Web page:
Do you see what I see?

It makes sense kinesthetically as well. There are some wonderful tantric breathing exercises out there in which you might discover how bringing heightened awareness to the clitoral area can stimulate energy that flows upwards and stimulates the pineal gland/Corpus Callosum area—it is a potent experience.

Let’s now allow this brain investigation to lead us outward. 

“The Brain—is wider than the Sky—

For—put them side by side—

The one the other will contain

With ease—and You—beside—

The Brain is deeper than the sea—

For—hold them—Blue to Blue—

The one the other will absorb—

As Sponges—Buckets—do—

The Brain is just the weight of God—

For—Heft them—Pound for Pound—

And they will differ—if they do—

As Syllable from Sound—”

— Emily Dickinson, ca. 1862

The Mind and Trance States

F. Scott Fitzgerald said that “The test of a first-rate intelligence is the ability to hold two opposed ideas in the mind at the same time, and still retain the ability to function.” 

Oppositions are part of the physical world. In a human body, we get to explore these oppositions, play with them, balance them. I would venture to say that masters of Fitzgerald’s idea are people like actors, dancers, poets, people who are aware of going in and out of trance. These people are comfortable with living in at least two worlds at once and still functioning. Butoh dance taught me what it means to keep one foot in the physical world, and one foot in the world of everything else happening on other planes (spiritual, ancestral, or otherwise). Actors do it too: they keep one foot in the world of “themselves” and one foot in the world of “the other.” They are an antennae-like, bridge-like Corpus Callosums receiving, channeling, expressing information from different parts of this cosmic brain. 

Poets also understand the middle-way bridge: by speaking and writing in poetic metaphor, they activate both hemispheres simultaneously— both the left side, which processes language, as well as the right side, which processes more of the intuitive and imagistic. 

In hypnosis, there are many ways of finding a middle-way balance between attention and relaxation, which measurably alters your brainwaves, guiding you into a deep flow state,  a very receptive, creative state of mind. 

The Body’s Oppositions and Centers

Just as the brain has its center, think about how the spine marks the relative center of the body and notice the semi-symmetries, as well as the differences (like the hemispheres).  Often in performance arts classes, the first task the student is set to is “centering themselves.” How do you balance your head, heart, and pelvis? How can you spread your weight equally between your feet? How can your body find a sense of ease vertically, your body being like a center point between heaven and earth? What does “centering” mean and feel like to unique bodies, how do you know when you are in your center?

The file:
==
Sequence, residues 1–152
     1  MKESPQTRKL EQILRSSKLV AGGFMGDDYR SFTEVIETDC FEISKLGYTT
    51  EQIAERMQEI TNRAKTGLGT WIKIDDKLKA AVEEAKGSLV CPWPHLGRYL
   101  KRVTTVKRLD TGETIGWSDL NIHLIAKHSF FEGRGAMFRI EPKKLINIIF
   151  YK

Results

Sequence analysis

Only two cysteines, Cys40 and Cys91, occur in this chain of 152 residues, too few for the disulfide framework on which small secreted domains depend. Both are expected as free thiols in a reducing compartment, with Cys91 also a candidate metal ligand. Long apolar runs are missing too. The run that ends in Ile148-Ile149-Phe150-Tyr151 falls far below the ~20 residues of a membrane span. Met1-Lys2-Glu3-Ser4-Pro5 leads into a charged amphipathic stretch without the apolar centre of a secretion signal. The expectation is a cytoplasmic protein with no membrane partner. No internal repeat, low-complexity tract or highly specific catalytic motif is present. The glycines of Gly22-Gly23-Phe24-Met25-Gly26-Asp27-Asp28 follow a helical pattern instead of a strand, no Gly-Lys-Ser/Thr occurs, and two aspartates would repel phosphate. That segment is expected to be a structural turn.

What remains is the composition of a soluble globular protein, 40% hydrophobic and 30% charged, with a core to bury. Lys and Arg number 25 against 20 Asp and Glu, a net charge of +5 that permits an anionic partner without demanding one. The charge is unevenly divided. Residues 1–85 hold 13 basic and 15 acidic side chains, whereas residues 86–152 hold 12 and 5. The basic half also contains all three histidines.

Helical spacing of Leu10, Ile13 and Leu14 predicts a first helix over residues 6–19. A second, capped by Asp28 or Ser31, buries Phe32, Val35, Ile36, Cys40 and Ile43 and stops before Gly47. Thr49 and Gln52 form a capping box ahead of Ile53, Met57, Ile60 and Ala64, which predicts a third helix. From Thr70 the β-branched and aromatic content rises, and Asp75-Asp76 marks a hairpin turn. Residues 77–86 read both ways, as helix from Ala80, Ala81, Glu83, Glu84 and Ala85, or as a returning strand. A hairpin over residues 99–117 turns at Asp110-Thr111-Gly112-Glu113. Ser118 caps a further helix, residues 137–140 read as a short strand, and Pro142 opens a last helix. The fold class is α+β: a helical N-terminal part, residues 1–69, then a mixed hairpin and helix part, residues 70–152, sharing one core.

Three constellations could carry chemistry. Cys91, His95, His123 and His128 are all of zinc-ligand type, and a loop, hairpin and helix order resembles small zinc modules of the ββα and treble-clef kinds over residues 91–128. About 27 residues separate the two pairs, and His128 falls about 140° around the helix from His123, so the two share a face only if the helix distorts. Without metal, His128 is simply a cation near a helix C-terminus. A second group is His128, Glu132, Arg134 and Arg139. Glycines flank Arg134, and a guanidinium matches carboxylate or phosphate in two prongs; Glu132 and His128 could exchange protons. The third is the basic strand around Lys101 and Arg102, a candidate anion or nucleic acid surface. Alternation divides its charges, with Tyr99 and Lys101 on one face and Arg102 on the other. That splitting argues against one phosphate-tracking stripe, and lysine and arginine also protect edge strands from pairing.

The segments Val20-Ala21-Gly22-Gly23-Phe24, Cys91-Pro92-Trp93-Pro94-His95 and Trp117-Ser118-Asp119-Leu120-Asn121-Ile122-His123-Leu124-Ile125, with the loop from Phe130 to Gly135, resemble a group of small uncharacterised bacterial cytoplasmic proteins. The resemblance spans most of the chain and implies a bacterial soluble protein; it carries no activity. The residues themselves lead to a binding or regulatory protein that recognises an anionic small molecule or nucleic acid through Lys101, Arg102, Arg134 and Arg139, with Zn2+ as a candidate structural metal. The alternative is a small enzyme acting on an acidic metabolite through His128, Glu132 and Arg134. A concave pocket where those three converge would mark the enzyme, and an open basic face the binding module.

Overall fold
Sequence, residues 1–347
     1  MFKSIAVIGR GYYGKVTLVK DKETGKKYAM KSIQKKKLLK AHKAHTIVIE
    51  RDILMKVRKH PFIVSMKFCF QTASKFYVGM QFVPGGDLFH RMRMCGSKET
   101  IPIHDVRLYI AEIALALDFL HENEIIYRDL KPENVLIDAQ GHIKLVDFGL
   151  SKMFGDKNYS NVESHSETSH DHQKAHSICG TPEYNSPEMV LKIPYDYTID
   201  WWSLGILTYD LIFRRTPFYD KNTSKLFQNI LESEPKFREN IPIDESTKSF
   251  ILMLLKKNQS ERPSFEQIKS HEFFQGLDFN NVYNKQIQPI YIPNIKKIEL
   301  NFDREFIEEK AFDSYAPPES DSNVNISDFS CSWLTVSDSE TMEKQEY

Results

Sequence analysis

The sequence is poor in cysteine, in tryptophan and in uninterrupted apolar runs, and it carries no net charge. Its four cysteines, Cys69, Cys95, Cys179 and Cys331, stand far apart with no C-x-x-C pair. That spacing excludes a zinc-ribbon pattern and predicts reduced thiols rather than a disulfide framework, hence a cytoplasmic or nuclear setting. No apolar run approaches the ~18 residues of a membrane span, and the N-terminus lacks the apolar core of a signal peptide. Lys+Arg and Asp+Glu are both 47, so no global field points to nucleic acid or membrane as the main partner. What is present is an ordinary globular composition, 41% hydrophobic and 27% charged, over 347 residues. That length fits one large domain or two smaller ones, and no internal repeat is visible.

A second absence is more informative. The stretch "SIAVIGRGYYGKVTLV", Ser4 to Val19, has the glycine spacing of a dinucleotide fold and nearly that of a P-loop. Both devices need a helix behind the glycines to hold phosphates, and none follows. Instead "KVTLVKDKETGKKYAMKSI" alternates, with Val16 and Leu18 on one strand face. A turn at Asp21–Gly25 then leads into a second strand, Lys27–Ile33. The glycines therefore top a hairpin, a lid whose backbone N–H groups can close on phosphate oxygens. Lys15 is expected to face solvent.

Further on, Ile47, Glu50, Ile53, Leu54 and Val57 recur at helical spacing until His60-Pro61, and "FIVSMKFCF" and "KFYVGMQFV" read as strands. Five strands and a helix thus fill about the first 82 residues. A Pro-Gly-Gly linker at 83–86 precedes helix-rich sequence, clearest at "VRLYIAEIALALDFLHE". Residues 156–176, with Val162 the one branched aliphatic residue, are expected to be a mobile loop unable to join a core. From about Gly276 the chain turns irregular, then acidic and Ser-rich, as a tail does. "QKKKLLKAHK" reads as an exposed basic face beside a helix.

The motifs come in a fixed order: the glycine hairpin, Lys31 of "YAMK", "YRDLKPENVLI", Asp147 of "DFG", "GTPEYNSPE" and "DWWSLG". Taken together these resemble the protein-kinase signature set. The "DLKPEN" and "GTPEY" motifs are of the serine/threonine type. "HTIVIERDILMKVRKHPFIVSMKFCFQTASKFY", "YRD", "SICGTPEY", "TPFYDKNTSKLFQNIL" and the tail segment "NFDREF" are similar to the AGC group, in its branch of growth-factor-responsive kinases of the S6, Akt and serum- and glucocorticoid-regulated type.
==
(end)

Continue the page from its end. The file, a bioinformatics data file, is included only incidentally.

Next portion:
I’ve come across some simple physical exercises which strengthen your middle-way bridge by either reinforcing the integration of brain hemispheres or inviting a balance between tension and relaxation. Here are some ideas:

  • Alternate nostril breathing
  • Draw large figure 8’s across the body and using different body parts (i.e draw figure 8’s in the air with your toes, knees, etc)
  • Yoga: most poses will be great for this, but try Eagle Pose specifically
  • Perform daily tasks such as brushing teeth, eating, or writing with the opposite hand that you are accustomed to using. Or/also perform a task with both hands simultaneously (i.e. stir two cups of coffee at the same time, catch a ball in each hand at the same time)
  • Practice reading and writing in mirror language
  • Study visual illusion images (the ones where different things pop out depending on how you focus on it)
  • Sit in a chair and practice relaxing every single muscle and bone in your body, then practice tensing and clenching as much as you can, and then try to find the perfect middle amount of tension and relaxation that comfortably holds you in a chair